Ezequiel Di Paolo
Last update: March, 2008

Participatory sense-making

Research on social cognition needs to overcome a disciplinary disintegration. On the one hand, in cognitive science and philosophy of mind - even in recent embodied approaches - the explanatory weight is still overly on individual capacities. In social science on the other hand, the investigation of the interaction process and interactional behaviour is not often brought to bear on individual aspects of social cognition. Not bringing these approaches together has unfairly limited the range of possible explanations of social understanding to the postulation of complex or mysterious internal mechanisms (e.g., contingency detection modules, mirror neurons).
We extend the enactive concept of sense-making into the social domain. It takes as its departure point the process of interaction between individuals in a social encounter. It is a well-established finding that individuals can and generally do coordinate their movements and utterances in such situations. We argue that the interaction process itself can take on a form of autonomy (operationally defined). This allows us to reframe the problem of social cognition as that of how meaning is generated and transformed in the interplay between the unfolding interaction process and the individuals engaged in it. The notion of sense-making in this realm becomes participatory sense-making. This notion defines a spectrum of participation, from simpler cases of orientation of individual sense-making to joint sense-making (exemplified in acts that can only be completed socially, like the act of handing in an object). The onus of social understanding thus moves away from strictly the individual only.
De Jaegher, H., and Di Paolo, E. A. (2007) Participatory sense-making: An enactive approach to social cognition. Phenomenology and the Cognitive Sciences, 6(4), 485 - 507.

De Jaegher, H. and Di Paolo, E. A. (2008) Making sense in participation: An enactive approach to social cognition. In F. Morganti, A. Carassa, and G. Riva (eds) Enacting Intersubjectivity: A cognitive and social perspective to the study of interactions, IOS Press: Amsterdam, forthcoming.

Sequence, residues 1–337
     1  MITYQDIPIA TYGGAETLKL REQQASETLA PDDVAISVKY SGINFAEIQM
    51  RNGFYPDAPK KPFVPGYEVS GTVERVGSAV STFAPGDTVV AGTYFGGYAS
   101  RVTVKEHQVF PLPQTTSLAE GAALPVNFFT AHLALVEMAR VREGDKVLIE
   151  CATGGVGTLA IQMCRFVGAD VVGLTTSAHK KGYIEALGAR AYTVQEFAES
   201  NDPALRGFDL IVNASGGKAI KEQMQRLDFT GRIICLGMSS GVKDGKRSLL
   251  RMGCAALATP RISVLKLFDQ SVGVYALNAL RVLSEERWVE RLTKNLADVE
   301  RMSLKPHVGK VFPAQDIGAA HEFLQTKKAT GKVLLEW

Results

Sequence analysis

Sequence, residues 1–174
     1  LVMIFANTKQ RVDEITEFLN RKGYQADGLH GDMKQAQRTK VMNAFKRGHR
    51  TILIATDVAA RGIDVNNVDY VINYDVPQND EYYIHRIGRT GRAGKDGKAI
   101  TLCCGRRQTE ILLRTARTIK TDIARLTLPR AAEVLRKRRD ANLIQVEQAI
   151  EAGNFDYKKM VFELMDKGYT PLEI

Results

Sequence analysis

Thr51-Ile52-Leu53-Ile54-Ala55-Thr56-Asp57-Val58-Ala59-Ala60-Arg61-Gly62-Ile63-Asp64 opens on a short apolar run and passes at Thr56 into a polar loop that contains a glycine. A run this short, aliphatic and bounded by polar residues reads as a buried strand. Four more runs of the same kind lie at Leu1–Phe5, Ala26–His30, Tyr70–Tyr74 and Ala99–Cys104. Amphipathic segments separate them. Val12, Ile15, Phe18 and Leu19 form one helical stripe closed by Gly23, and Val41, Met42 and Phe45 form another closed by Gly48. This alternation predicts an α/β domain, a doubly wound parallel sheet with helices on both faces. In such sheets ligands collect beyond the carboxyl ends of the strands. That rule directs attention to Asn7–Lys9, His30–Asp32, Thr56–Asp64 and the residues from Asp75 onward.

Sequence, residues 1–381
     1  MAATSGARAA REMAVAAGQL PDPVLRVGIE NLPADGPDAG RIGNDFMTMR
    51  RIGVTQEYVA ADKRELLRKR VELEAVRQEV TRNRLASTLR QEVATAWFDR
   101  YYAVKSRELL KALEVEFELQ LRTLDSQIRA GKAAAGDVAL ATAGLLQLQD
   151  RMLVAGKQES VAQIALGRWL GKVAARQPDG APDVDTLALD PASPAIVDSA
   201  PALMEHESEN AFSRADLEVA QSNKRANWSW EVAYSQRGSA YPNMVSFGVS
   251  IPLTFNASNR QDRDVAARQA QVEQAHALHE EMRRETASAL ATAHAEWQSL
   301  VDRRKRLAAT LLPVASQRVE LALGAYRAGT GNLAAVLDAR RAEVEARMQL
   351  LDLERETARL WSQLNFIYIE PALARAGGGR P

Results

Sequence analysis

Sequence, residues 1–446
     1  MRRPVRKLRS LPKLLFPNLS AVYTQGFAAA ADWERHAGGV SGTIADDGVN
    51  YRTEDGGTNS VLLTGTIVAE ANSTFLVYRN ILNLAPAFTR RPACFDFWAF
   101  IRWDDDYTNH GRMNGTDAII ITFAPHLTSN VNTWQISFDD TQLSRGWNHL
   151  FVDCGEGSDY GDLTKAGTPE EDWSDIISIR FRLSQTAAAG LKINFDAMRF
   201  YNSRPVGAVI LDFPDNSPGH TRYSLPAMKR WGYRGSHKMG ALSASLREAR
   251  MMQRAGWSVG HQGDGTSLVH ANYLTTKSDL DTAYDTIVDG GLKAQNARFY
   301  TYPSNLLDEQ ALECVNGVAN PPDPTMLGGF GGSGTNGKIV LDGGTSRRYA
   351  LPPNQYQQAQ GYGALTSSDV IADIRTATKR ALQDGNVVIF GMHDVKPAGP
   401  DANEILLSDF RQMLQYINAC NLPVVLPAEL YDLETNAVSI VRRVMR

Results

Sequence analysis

Di Paolo, E. A. (2008) A mind of many. Constructivist Foundations, 3(2): 89 - 91.

Social autonomy and organizational transitions

There are good reasons behind Francisco Varela's reticence to apply the idea of autopoiesis to anything other than proper living organisms. For all its potential to open up to organizational theory a vocabulary able to capture much of the autonomy and complexity of living systems, a direct or even a metaphorical application of autopoiesis also forces conceptual limitations that a) do not directly pertain to the phenomenology of social organizations and b) may lead to dangerous practices. It is therefore important to attempt disclose what aspects of autopoiesis may still apply to higher forms of organizations as well as what novel systemic properties pertain to them but not to autopoiesis.
An enactive approach may resolve the question of why the idea of autopoiesis is intuitively applicable to the case of some social organizations and yet it has failed to make a difference in practice. Indeed, the many transitions along the paths linking life, mind, society show signs both of conservation and overcoming of the properties that precede them. It is therefore true that some aspects that make up autopoietic systems share properties with later modes of organization, both cognitive and social. But new modes introduce novelties that often re-define the game and even explicitly overcome aspects that were definitional of the preceding modes.
For social organizations, the enactive approach provides a much less restrictive systemic perspective than pure autopoiesis (much less focused on issues of boundaries, less likely to lead to alienating practices that negate the proper autonomy of individuals by assigning them a role of replaceable components, and less prone to generating conflicting relations between social system and milieu). In particular, this approach is better posed to describe and analyse tensions between different levels and the mechanisms through which individual, organizational, and larger contextual forms of autonomy interact forming networks of inner relations. Some of these insights may be applied to the relatively novel phenomenon of self-managed businesses and factories in Argentina and other countries in Latin America as they provide the clearest examples of why a naked application of the idea of autopoiesis is inappropriate. In contrast, an informed enactive approach, based on autonomy and cognitive engagement, rescues several systemic notions pertaining to the concept of autopoiesis but avoids its limitations and allows a better understanding of these organizations.
Di Paolo, E. A. (forthcoming). Overcoming autopoiesis: an enactive detour on the way from life to society. In R. Magalhaes and R. Sanchez (eds), Autopoiesis in Organizations and Information Systems, Advanced Series in Management, Elsevier Science.